Having just done this, my advice is: buy the kit. I didn't, and within a short time, I ended up buying the 24-105 separately, for more money.
24mm to 28mm the lens exhibits very strong barrel distortion and heavy vignette.
These are trivial to fix in post. In Lightroom, you check one tick box. The optical issues to weigh heavily are things that are not trivial to fix in post, such as softness.
I have the 24-105 on my 5DIII more than any other lens. It is an extremely useful focal length range. A couple of the 24-70 options are optically somewhat better, in particular, the far more expensive Canon 24-70 II, but I find that the extra range and IS more than compensate for me, using it as a walk-around. I have saved shots with that extra 35mm that would have been tough or impossible without it. Re the barrel and pincushion distortion: it does become apparent with some kinds of shots, but when I notice it, I simply check the lens profile box in Lightroom.
I didn't buy it as a kit because, like you, I was weighing all the alternatives. I am still kicking myself for not having bought this as a kit.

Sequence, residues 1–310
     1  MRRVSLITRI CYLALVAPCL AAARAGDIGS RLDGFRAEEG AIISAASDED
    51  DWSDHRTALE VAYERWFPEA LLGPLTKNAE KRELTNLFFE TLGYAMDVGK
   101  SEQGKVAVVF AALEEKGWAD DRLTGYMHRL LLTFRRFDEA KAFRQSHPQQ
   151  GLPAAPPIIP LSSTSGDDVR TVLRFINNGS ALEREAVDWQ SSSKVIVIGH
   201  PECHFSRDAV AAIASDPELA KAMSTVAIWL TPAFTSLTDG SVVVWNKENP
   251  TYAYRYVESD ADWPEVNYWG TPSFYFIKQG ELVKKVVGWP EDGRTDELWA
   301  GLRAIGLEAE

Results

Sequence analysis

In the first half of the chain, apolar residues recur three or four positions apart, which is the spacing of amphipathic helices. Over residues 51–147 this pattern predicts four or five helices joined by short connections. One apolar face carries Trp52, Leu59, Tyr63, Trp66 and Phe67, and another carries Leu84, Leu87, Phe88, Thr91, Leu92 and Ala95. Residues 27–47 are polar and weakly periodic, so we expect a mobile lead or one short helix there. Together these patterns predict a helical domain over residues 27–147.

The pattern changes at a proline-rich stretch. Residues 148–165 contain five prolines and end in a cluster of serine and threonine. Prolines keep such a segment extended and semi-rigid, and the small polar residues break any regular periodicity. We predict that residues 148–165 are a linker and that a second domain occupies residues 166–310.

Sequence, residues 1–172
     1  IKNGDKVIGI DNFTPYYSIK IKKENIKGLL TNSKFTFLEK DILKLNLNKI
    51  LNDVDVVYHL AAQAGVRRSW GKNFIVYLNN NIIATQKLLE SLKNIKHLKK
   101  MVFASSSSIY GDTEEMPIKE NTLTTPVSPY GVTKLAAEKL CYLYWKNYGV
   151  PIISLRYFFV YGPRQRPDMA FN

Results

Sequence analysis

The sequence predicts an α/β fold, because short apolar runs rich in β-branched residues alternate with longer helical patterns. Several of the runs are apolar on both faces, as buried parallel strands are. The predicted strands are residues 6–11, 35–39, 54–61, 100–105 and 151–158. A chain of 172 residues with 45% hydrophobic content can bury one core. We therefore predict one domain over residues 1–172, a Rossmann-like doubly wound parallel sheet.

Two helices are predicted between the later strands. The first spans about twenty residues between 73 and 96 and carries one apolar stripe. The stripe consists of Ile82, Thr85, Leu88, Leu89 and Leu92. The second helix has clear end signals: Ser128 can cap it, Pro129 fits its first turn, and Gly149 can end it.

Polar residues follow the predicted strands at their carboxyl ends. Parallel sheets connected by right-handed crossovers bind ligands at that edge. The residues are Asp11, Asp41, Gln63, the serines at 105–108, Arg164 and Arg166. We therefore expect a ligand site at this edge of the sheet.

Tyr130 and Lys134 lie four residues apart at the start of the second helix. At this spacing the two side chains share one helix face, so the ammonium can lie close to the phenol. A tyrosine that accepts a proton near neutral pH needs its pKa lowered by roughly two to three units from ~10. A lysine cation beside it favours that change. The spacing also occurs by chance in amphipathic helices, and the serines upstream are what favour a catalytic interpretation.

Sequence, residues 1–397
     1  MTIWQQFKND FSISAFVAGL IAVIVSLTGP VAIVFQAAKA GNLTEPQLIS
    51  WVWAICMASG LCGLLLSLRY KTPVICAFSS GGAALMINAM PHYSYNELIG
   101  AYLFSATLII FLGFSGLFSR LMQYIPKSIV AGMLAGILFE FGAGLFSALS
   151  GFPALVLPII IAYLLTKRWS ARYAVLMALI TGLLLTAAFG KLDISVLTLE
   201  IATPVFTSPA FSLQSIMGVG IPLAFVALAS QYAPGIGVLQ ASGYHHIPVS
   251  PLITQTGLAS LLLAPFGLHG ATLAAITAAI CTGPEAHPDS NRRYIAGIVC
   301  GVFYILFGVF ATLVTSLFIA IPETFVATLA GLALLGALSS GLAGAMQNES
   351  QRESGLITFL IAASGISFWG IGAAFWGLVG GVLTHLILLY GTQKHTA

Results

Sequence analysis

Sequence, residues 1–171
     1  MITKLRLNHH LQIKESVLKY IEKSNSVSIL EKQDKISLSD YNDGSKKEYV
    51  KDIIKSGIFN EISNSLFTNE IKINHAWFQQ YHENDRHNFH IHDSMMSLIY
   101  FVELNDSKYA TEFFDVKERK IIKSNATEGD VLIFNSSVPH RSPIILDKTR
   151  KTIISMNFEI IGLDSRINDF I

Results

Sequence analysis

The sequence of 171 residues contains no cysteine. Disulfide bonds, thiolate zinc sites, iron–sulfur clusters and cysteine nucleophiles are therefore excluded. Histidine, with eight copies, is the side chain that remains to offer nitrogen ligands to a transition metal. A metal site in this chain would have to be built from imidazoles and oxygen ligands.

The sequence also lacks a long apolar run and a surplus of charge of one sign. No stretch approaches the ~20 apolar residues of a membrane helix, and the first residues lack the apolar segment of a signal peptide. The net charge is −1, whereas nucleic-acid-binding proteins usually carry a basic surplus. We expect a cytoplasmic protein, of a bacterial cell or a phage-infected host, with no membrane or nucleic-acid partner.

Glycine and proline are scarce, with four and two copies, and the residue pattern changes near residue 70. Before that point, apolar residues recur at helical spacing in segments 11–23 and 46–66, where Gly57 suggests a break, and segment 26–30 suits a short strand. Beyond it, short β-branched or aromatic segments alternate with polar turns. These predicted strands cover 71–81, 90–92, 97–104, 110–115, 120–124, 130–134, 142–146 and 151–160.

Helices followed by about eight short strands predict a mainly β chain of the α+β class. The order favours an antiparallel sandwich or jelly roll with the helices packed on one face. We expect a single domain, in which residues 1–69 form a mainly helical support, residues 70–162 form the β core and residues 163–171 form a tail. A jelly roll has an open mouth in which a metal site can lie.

Off subject a bit: enjoy the 5DIII. It is a truly great camera. It has a lot of very useful customization options, so give yourself time to work through the manual. The manual is generally quite good, except that the section on the AF system is a little too brief. I had to play with that for a while to figure it out. It's worth it. The AFT is quite amazing. You can tell the camera to use a portion of one spot, one spot, one spot assisted by either 4 or 8 surrounding spots, a zone, or the entire 61 points. 41 of them are cross-point. The camera lets you set different points for the three different orientations, and it will remember them. You can also register this (and other settings) to one of three custom settings. For example, I have one of the custom settings set for my indoor flash default: 1/60, f/5.0 I set this to use a single point that is about 1/3 of the way from the top in either orientation. So, in either vertical or horizontal orientation, I have a single point set at about eye level for most shots. I have the camera customized so that if i want a different point, I can just flick the joystick on the back with my thumb. And a nice bonus: the camera makes use of the large number of AF points to give you an internal level in the viewfinder, which I have programmed to turn on with the little m-fn button near the shutter. Somebody gave this a LOT of thought.